Christmas Eve: December 24, 2013 (10:30 p.m. service)
Isaiah 9:2-7; Psalm 96; Titus 2:11-14; Luke 2:1-20
Preacher: The Rev. Samuel J. Smith, Assistant Priest, St. Michael’s Church
It’s finally here. Merry Christmas to you all – I am delighted to see you here tonight.
Christmas hits us all in different ways. Some of us can’t wait for November to roll around – we know that as soon as we can get Halloween out of the way, the stores will replace the orange and black with green and red, and the holiday will commence. Two months of Christmas cheer is just fine with those of us that love this holiday.
But others of us may dread this time of year—perhaps because of its association with sad events of the past, or because the person with whom you most enjoyed celebrating the holiday is no longer here. Maybe you’ve heard of “Blue Christmas” services, created especially for those for whom the holiday is difficult. Christmas can be very hard if you are in pain. For those of you who find yourself in a place like this, please know that my prayers are with you.
I find myself somewhere in between these two ends of the spectrum. As a kid, I absolutely loved Christmas. I couldn’t get enough. But the magic has leaked out a bit over the years. The stress of the holiday often robs me of the joy I’d like to feel. I feel like I’m searching for something that I’ve lost.
As many of you know, Don and I are Texans. I remember a time a couple of years ago when we back to Texas in mid-December, to spend a little holiday time with family and reconnect. About halfway through that trip I realized that I was looking everywhere for that old warm feeling for Christmas that I remembered as a child growing up there in central Texas.
I looked everywhere—through downtown San Antonio, on TV, and in the malls and stores. In the case of Texas, of course, these were HUGE stores, almost overwhelming in their scale and treasures. One day I went with my mother to the grocery store. It was enormous! It felt like ANYTHING I wanted was there, and, I might add, much cheaper than here in New York. It took a lot of restraint not to completely fill my cart.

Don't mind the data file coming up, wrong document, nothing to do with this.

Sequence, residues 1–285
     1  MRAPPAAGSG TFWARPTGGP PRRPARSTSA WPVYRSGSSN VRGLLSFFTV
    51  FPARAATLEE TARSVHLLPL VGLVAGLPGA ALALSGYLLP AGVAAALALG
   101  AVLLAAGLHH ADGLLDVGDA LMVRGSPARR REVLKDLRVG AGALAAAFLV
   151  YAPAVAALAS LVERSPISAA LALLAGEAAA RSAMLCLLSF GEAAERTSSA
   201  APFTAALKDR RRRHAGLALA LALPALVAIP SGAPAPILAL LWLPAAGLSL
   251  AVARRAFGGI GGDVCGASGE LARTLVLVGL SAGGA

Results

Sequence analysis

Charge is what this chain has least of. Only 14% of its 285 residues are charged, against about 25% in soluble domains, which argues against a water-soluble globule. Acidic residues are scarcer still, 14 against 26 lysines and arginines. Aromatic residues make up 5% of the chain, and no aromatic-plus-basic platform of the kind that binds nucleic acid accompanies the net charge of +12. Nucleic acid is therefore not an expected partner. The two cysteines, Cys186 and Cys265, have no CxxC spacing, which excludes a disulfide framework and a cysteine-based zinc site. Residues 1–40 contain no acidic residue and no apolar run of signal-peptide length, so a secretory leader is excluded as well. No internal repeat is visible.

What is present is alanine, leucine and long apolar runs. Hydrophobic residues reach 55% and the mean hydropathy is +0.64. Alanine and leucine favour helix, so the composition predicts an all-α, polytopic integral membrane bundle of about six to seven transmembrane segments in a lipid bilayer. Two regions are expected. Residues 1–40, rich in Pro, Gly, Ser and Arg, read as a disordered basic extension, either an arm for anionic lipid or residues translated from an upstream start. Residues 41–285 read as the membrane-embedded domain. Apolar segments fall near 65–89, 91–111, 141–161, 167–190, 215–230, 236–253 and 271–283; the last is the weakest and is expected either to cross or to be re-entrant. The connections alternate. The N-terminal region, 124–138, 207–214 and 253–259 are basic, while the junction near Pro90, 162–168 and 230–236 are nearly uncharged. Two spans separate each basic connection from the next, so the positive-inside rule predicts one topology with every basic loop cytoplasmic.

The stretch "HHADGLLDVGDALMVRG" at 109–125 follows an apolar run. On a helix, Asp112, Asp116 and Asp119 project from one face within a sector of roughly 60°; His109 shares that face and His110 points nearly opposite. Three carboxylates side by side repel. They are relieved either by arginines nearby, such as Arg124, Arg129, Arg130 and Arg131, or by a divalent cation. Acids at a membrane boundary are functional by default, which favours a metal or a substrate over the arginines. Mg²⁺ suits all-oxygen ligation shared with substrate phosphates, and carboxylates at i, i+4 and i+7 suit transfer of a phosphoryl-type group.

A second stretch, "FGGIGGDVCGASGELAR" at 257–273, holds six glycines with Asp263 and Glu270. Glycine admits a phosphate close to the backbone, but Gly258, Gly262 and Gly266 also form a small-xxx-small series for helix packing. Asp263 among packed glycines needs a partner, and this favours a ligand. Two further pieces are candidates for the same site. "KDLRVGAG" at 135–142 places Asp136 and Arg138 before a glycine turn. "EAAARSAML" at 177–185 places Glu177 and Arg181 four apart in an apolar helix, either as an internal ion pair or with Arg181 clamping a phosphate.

After I completed by purchases and was waiting for my mother by the checkout lanes, I witnessed an event that restored some of the warmth of Christmas that I had been missing. At one register I noticed several people staring intently at the computer screen that details a customer’s purchases. I quickly figured out that a manager was explaining to an elderly woman that her food stamps would not cover the cost of all the items she had placed on the checkout belt. The woman became distraught—she wasn’t sure what to put back, or how to get out of this situation with any dignity intact.
That’s when the Christmas moment occurred. The woman behind her in line reached forward with a bill—I couldn’t tell if it was a ten or a twenty—handing it to the clerk to pay for the overage. I couldn’t quite hear what they were saying, but it was clear that the woman making the payment did it as a holiday gesture.
The elderly woman began to cry, as did the giver, and even the clerk was wiping her eyes. The purchase was completed. The woman gathered her bags to leave, but before she did she hugged the stranger who had paid the balance. It was a moving, fleeting encounter. And I knew that in that moment I had a passing glimpse of the Christmas spirit incarnate.
In fact, this holiday phenomenon is not unique. The Associated Press recently ran a story about similar acts by “layaway angels.” The article said, “At Kmart stores across the country, Santa is getting some help: Anonymous donors are paying off strangers’ layaway accounts, buying the Christmas gifts other families couldn’t afford, especially toys and children’s clothes set aside by impoverished parents.”[i]
I am touched by these stories. These actions embody the true meaning of Christmas—selfless, unexpected, beautiful acts of kindness for others. But it seems like these acts are often undertaken only during the Christmas season. How can we make this feeling of generosity—this desire to connect to others, to look outside ourselves—go beyond the season? What if we could carry our Christmas compassion throughout the year?
The story of the birth of Christ that we just read from the gospel of Luke is filled with surprising acts of love. But the story is so familiar to us—the subject of countless Christmas pageants (although maybe not of a St. Michael’s pageant!), of crèches, Christmas cards, and who knows what else. If you are like me, when you hear the story your mind is filled with images and memories.
The challenge before us is to find something fresh in the story—to find a way for it to speak to us anew. And also to find a way to carry this message with us always. As one commentator said, “What good is it that Mary gave birth to Jesus if he is not born in me?”
As I prepared for this sermon, I began to think about our preconceived notions about what is going on in the nativity story. Scholar David Lose compares our ideas about the holy family and the circumstances of the Messiah’s birth to the soft focus of a Doris Day movie in the 60s – we have made everything fuzzy around the edges to suit our own desires.[ii] The truth may be a bit different.